“Unless we apply the breaks and uphold the rule of law and democratic conventions and practices in all ramifications, our greatest losses, moving forward, will not be economic recession, lack of critical infrastructure, among others, but an irredeemably deteriorated civilian rule where the decisions of the courts, letters and spirit of the law, resolutions of the legislature, electoral choices of Nigerians as expressed through the ballot no longer count,” Ekweremadu said.

He urged Nigerians to defend democracy with all lawful and legitimate means, for posterity sake.

In Lagos, Tinubu asked Nigerians to keep and nurture democracy, not for the sake of democracy but for the sake of the country.

“We must remember that should we fall asleep, there are those who would like nothing better than to take it from us,” he said in a statement by his Media Adviser, Mr. Tunde Rahman, telling Nigerians to be vigilant and ensure a better future and better Nigeria.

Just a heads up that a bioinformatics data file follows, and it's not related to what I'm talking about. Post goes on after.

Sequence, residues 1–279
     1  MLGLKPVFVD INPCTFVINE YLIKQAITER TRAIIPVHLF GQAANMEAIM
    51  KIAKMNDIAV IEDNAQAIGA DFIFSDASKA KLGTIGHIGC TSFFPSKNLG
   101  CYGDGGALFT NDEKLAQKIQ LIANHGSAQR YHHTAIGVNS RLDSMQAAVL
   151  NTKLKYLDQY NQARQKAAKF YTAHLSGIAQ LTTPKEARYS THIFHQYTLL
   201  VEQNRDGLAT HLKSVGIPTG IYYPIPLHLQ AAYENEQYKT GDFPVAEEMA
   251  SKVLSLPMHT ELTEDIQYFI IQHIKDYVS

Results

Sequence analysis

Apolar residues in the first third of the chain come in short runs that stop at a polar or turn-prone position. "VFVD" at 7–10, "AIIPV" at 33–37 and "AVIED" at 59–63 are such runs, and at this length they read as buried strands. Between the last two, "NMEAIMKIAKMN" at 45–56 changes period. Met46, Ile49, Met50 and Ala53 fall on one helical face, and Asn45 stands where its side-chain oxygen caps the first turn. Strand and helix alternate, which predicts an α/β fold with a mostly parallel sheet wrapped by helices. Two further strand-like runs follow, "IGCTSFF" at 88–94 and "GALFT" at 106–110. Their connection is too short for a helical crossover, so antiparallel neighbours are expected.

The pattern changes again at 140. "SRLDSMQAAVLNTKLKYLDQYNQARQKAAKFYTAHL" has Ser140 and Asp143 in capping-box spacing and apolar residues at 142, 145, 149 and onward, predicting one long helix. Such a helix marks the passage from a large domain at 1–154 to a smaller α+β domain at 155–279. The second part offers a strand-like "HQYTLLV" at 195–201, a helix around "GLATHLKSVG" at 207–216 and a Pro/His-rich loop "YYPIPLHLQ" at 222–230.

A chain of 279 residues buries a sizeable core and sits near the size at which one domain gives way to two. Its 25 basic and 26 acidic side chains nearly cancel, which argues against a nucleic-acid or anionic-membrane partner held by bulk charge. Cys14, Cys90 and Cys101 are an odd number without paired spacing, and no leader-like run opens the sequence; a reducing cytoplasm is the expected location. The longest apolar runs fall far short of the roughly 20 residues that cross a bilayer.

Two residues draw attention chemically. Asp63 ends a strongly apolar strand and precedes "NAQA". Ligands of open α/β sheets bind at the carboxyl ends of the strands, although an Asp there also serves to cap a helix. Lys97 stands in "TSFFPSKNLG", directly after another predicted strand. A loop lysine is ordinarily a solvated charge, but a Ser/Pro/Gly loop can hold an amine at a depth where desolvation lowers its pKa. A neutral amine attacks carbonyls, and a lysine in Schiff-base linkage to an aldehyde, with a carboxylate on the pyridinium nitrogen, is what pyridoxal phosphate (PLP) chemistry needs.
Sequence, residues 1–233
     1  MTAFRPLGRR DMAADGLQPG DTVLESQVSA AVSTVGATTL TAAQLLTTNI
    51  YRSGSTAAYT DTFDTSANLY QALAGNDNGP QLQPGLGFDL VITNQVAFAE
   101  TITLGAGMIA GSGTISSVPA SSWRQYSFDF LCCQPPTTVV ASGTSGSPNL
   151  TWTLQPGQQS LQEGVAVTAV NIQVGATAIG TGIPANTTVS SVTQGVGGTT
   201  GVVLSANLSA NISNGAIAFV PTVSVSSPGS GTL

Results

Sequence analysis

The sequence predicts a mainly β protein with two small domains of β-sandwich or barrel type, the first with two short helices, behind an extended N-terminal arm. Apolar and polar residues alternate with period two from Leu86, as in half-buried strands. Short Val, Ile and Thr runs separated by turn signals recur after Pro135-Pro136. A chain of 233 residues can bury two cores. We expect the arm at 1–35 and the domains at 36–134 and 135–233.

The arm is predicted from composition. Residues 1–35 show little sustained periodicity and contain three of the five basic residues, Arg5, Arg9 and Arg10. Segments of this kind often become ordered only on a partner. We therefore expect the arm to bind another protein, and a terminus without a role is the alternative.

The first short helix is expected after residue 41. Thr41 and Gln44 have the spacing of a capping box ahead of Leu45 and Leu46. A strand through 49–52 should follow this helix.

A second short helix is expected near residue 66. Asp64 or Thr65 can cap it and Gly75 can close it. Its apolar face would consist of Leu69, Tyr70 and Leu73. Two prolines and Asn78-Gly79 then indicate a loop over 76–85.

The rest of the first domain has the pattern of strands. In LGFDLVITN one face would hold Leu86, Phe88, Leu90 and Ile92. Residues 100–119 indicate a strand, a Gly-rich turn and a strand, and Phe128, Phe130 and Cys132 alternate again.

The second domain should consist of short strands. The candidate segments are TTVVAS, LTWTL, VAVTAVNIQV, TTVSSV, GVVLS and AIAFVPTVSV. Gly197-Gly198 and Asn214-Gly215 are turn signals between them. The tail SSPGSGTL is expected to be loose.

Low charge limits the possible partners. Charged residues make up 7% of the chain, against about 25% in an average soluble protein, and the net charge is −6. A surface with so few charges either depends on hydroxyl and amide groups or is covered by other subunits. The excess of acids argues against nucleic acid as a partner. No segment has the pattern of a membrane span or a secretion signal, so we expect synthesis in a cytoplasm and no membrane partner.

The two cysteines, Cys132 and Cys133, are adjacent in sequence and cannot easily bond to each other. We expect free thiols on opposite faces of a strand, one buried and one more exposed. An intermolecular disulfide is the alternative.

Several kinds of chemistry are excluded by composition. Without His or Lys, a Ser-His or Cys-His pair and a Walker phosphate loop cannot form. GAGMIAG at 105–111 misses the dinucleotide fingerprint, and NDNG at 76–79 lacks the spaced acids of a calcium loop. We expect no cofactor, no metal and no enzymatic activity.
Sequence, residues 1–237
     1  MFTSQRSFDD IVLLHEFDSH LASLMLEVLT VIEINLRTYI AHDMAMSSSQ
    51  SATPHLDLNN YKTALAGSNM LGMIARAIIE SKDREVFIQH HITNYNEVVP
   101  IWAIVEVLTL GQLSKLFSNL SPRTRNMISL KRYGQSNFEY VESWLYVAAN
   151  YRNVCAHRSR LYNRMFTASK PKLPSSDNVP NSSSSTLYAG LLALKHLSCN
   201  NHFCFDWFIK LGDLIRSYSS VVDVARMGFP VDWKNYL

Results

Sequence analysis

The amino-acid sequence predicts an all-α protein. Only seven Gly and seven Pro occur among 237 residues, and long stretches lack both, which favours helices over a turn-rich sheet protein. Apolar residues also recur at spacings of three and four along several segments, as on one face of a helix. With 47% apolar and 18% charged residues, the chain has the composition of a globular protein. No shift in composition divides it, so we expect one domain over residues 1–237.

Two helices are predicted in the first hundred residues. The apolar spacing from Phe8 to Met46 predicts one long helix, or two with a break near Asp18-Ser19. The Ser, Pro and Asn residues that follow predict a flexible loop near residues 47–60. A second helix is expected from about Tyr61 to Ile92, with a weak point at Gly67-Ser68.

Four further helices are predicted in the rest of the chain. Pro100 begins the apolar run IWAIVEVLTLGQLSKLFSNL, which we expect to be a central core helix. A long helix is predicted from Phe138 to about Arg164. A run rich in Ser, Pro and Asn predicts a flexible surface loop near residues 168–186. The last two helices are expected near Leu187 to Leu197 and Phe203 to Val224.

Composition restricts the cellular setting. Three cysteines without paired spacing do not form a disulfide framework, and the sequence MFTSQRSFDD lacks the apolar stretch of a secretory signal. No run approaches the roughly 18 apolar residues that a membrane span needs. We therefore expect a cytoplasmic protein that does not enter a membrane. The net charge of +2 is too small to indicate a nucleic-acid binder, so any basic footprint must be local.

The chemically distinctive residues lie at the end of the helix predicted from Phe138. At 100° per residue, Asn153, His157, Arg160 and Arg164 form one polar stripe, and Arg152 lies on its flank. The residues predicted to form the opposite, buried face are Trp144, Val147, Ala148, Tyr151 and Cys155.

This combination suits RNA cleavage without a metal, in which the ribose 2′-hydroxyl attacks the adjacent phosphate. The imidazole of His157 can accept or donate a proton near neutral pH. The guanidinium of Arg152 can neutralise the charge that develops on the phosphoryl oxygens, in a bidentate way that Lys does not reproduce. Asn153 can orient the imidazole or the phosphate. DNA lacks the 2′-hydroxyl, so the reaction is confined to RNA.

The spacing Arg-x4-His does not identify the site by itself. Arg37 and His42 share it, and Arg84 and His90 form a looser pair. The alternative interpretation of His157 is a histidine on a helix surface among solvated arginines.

Atiku said Nigerians should not contemplate having the military back to power, asking anyone toying with such an idea to perish with such thoughts as the worst form of democratic rule had been adjudged far better than the best form of military dictatorship.

“Nigerians should be proud of themselves for doing away with military governments in 1999, in favour of democracy, which the World over, gives voice and a sense of belonging to more people in the society,” he said in a statement by his Media Office in Abuja.